Broadly speaking, what role do markets and shopping play in creating and sustaining community identity?

“…markets are therefore doubly romanticized as sites of community identity: they simultaneously represent pre-industrial local commerce and industrial era civic belonging.”

In Britain, many markets trace their charters back to the thirteenth century; therefore, they carry the weight of a deep, transhistorical sense of community. Since the nineteenth century, when local authorities bought market franchises en masse, these retail sites have been the spaces where public oversight meets private business. I think markets are therefore doubly romanticized as sites of community identity: they simultaneously represent pre-industrial local commerce and industrial era civic belonging. This makes their importance for post-industrial community identity particularly fraught.

How do you go about deciding which case studies to focus upon?

This is a great question and one I still struggle to explain. I knew I didn’t want to study London because it would invariably overwhelm other towns or cities in a comparative project. London also has a very different market culture than other localities, with the tradition of licensed street traders and street markets rather than covered retail markets. Instead, I’ve tried to get as much geographic, scalar, and structural coverage as I can. The one city that’s stayed fairly constant throughout the project is Glasgow, but other than that I’ve taken my cues from trade journals, heritage campaigns, and particularly strong local repositories. It’s not the most rigorous or systematic process, but it’s easier than going to every county record office in the country to look at their market committee meeting minutes!

Has it been fairly straightforward or quite hard to access the opinions and voices of the people and communities that you study?

“This… shapes a very particular rhetoric: markets are either horrendously out-dated or the physical manifestation of local heritage.”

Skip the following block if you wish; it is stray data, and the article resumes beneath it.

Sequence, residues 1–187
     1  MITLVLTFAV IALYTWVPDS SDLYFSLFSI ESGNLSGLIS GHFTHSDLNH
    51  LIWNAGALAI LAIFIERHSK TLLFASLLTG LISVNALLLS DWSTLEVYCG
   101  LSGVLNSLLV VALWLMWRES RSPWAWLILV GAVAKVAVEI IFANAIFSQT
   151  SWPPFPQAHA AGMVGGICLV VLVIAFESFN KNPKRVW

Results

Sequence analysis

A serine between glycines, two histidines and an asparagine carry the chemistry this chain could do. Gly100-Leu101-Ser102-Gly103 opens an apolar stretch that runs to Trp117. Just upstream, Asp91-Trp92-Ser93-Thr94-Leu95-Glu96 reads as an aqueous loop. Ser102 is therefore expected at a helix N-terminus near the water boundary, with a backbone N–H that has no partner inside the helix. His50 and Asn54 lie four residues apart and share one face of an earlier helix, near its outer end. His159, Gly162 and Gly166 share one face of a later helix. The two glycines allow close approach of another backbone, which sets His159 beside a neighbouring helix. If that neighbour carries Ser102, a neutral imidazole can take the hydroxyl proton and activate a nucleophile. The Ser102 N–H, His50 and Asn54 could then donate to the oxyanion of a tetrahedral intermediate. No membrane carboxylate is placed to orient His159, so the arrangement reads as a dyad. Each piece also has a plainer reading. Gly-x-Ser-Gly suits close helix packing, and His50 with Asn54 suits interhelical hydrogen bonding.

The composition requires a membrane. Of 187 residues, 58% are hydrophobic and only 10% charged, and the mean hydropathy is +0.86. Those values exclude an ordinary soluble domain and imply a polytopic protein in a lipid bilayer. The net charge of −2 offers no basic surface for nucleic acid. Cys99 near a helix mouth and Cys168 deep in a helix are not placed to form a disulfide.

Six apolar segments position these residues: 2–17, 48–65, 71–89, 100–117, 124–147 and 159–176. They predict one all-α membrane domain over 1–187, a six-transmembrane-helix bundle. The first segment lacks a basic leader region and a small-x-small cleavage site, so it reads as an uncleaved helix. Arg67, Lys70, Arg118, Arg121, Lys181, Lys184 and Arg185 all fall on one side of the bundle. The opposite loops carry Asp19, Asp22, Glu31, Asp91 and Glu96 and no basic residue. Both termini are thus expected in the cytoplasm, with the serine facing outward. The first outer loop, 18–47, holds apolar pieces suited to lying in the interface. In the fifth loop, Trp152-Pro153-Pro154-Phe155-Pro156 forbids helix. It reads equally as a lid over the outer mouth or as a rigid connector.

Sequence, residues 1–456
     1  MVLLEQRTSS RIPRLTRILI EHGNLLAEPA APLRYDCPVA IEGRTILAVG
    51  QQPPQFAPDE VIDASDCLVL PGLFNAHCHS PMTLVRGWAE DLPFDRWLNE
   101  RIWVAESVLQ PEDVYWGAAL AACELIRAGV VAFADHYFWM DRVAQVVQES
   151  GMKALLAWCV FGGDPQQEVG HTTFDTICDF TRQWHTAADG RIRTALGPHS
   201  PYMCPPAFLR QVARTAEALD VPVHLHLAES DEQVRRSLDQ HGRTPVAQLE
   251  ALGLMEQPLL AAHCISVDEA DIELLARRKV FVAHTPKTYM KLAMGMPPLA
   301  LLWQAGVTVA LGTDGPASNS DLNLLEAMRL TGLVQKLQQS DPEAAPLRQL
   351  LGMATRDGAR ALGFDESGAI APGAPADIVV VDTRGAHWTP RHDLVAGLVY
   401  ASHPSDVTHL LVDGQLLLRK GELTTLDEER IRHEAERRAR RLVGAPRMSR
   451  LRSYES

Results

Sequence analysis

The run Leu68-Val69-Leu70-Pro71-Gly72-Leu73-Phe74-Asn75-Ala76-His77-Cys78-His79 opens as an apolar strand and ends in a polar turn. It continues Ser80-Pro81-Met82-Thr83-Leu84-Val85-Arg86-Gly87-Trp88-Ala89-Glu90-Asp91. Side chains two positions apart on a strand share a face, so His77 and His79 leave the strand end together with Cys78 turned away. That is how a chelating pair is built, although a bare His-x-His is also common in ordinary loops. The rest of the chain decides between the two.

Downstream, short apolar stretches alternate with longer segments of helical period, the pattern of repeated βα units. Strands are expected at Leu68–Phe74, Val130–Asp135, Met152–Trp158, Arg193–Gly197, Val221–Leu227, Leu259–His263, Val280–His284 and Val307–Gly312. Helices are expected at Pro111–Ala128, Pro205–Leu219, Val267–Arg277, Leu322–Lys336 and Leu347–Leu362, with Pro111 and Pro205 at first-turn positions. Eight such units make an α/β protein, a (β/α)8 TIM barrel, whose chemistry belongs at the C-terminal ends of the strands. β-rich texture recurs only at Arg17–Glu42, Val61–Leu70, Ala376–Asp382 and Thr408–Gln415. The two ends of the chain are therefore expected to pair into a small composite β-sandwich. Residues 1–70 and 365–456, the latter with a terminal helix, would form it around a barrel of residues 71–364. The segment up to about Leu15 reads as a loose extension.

Market traders are not “joiners” almost by definition, so it’s hard to trace them in institutional records. This is really why I’ve turned to planning and architectural sources: markets come into view when they are knocked down, developed, or protected. This, of course, shapes a very particular rhetoric: markets are either horrendously out-dated or the physical manifestation of local heritage. I’ve learned to read almost all of these accounts with an element of scepticism, keeping the politics of preservation and the professional interests of the speakers in mind.

Have you developed a sense of what leads to changes in the way that use shops and markets?

“Planners and developers could only do so much to shift the traditions of market trading.”

If I knew this, I think I’d make a very successful planning consultant! From my perspective, it’s an issue of how citizensespecially womenmade claims for retail stability during socio-economic crisis and change. During periods of interwar depression and wartime austerity, women patronized informal markets to make ends meet. When New Towns or outlying estates were constructed, housewives were often the citizens demanding markets alongside multiples or supermarkets. And as inflation constricted consumer buying power and women spent more time in the workplace, many markets rebranded themselves as one-stop family outings and bargain outlets. I think markets offer a corrective to the story of shopping we usually tell about post-1945 Britain: the usual tale is one of new precincts or modernist centres, but in the basements or outdoor squares of these structures, there were often bustling retail markets that continued to serve material and immaterial needs of sellers and shoppers. Planners and developers could only do so much to shift the traditions of market trading.

Sarah can be reached Twitter and the University of Mitchigan’s History Department, where you can find out more about her work. For more urban history profiles click here.

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Phyllis Nicklin, “Photograph of the Bull Ring street market, taken on the last day of street trading, 12/9/59”, Scanned by the Chrysalis project in 2004, from original 35mm slides held at the University of Birmingham. University of Birmingham all rights reserved

“Global Urban History”, Freie Universität Berlin, a discussion with Michael Goebel

“…we began to start thinking about ways to combine our interest in the history of long-distance connections, European colonialism overseas, and urban history.”

For the latest in my series on urban historians at work today, I was very lucky to be able to catch up with Michael Goebel, of Freie Universität Berlin; the  who edits and writes for the Global Urban History blog.

What is your background?